Both the House and Senate have passed their respective tax reform bills, but keep the cork in the champagne. The process has to overcome one more hurdle before it hits the president’s desk: The conference committee — the ad hoc, temporary panel created to reconcile differences between the House and Senate bills.
If you haven’t heard of a conference committee for a while (or ever), it’s understandable. Conference committees, once used repeatedly, are now rarely seen around D.C. In the 106th Congress (1999-2000), conference committees convened 38 times. The 113th Congress (2013-2014) appointed just three.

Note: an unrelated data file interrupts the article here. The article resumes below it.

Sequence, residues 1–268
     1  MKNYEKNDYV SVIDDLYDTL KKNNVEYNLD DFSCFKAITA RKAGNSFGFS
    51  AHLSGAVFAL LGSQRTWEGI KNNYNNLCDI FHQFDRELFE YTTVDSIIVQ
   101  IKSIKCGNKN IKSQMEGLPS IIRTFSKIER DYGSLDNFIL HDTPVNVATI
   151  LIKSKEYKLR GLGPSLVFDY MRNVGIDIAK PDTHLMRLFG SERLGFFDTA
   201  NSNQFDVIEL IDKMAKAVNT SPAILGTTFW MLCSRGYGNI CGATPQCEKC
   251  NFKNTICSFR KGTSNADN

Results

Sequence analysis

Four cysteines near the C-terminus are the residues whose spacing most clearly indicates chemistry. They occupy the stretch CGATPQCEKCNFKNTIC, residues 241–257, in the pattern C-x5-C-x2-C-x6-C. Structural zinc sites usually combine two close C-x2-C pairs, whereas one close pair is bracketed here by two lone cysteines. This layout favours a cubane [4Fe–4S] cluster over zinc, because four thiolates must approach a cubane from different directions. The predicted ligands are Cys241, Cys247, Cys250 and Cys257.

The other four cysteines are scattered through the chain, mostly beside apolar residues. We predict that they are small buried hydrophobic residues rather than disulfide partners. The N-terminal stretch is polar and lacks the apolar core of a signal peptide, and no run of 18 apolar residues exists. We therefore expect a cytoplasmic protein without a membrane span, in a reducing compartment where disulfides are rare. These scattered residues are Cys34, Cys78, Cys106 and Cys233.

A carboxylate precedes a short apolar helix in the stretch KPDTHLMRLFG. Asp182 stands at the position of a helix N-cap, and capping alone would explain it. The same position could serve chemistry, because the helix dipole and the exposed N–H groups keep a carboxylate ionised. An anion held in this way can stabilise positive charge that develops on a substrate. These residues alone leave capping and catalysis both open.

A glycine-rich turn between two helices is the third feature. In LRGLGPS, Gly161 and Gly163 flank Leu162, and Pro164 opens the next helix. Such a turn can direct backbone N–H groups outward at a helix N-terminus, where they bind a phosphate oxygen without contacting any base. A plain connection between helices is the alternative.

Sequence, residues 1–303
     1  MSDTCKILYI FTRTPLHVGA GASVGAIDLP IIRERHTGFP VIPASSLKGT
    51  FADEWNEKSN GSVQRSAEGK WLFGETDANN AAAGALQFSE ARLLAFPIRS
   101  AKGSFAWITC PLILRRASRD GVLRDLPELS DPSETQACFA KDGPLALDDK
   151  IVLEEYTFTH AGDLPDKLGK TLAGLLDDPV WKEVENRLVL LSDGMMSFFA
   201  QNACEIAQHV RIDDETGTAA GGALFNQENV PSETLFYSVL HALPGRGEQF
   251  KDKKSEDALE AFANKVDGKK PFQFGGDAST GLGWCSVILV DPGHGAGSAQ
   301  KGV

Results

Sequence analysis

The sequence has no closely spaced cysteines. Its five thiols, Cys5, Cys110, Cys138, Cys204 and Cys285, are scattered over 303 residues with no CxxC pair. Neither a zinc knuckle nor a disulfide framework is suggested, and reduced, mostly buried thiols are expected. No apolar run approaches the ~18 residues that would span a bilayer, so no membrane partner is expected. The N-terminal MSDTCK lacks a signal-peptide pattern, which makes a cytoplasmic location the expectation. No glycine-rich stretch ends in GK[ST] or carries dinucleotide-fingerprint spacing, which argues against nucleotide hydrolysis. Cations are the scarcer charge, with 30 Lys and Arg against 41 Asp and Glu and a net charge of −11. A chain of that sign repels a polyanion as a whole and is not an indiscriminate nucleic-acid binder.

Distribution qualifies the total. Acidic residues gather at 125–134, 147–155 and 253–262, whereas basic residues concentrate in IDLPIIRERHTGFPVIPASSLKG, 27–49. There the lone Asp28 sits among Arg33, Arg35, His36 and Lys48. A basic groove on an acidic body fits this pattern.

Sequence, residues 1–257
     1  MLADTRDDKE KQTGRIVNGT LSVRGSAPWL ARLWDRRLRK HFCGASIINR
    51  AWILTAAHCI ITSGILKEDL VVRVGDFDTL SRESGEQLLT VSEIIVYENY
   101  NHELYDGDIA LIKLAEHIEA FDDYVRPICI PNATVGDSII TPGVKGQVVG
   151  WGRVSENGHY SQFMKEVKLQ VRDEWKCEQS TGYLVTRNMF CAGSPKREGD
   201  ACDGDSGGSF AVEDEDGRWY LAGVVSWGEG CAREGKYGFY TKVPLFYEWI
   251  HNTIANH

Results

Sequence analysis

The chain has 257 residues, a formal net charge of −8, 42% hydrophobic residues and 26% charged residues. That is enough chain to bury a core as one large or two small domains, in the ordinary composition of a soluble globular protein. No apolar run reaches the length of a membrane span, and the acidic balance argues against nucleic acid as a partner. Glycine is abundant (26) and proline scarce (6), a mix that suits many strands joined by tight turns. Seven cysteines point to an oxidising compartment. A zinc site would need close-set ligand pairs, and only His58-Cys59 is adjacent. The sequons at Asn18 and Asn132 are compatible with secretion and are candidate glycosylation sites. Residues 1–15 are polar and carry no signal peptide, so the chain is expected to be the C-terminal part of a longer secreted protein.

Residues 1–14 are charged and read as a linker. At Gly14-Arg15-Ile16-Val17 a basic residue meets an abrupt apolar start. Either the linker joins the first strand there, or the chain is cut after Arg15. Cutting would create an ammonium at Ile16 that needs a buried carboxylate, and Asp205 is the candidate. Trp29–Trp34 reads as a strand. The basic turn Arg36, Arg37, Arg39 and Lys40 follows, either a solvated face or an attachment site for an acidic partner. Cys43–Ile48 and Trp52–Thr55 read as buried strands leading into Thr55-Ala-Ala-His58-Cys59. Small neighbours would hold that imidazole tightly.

In part, this is because the process has become far less meaningful than it used to be. Historically, conference committees have been hotbeds for deal making and hard-nosed negotiations among lots of members, with each chamber fighting for its priorities as well as its prestige. The conference committee for the 1981 omnibus budget reconciliation, for example, involved over 250 senators and congressman who met in 58 subconferences to consider nearly 300 issues.
Read the rest of this post on The Hill.